Ngāi Tahu

How the PPTA should have spun it *UPDATED

Living with a Master of the so called ‘ Dark Arts ‘ or ‘Spin Doctor,’ I have learned a lot about how to frame a situation. This skill is in great demand in advertising and in politics because it is the difference between a product or situation looking positive or negative. In its dishonest form it is called Propaganda because the spin contains lies, cherry picked statistics and omissions of pertinent facts. At its best it simply highlights the truthful positives of the product or situation.

The PPTA in their stance on Charter schools have gone for a very negative and adversarial approach. They have deliberately used statistics that don’t compare apples with apples when talking about funding of Charter Schools for example.They have told all sorts of lies, spun all sorts of stories and tried to destroy the people involved in the new schools. However the worm is starting to turn and the public are starting to see through the negative spin. Labour Party MPs are even defying Andrew Little on the issue by giving their personal support to Maori Education regardless of who provides it.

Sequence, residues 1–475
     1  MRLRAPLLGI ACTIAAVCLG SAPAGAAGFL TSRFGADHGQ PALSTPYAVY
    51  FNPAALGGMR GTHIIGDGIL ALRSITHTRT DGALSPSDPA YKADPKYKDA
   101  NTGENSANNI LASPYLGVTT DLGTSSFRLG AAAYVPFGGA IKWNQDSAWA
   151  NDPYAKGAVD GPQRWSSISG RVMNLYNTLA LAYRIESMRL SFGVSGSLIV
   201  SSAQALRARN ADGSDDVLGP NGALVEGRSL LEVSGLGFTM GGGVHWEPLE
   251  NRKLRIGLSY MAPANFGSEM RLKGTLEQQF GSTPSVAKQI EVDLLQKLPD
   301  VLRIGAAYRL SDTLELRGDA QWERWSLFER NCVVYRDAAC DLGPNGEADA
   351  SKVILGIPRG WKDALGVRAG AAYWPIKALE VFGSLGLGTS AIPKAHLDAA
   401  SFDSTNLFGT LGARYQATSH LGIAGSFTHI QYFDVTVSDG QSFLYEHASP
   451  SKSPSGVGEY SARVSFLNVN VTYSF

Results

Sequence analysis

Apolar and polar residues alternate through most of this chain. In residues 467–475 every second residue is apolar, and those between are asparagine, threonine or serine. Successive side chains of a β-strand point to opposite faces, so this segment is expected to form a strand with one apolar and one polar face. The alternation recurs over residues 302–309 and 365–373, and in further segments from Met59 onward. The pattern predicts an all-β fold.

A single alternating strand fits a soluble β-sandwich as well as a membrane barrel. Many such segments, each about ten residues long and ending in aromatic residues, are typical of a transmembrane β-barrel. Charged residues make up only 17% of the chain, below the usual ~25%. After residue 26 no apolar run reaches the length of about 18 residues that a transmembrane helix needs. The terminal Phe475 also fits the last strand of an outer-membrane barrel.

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Face of the day


Kelvin Davis, Associate Education Spokesperson for the Labour Party

Today’s face of the day is Kelvin Davis for choosing Whanau over Politics.

The next time you hear Labour hate on charter schools, don’t believe them.

Because the truth is a wedge of Labour actually thinks charter schools are all good. And this group is led by none other than its associate education spokesman Kelvin Davis.

The attendance of Davis and fellow MP Peeni Henare at a fundraiser for a Whangarei charter school is about much more than them defying the orders of Andrew Little.

It shows a major policy divide within Labour.

One side, led by education spokesman Chris Hipkins and the teacher unions have a pathological hatred for the privately run schools.

The other side, led by Davis, see that the schools can work particularly in Maori education.

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Omnishambles Smith tried to convince Ngati Whatua first right of refusal doesn’t apply – good luck with that

Nick Smith really is like Malcolm Tucker’s coffee machine.

Omnishambles Smith has tried to convince Ngati Whatua first right of refusal doesn’t apply.

Housing Minister Nick Smith is hopeful a dispute with Auckland iwi over the government’s plan to sell-off land for housing developments can be resolved without court action.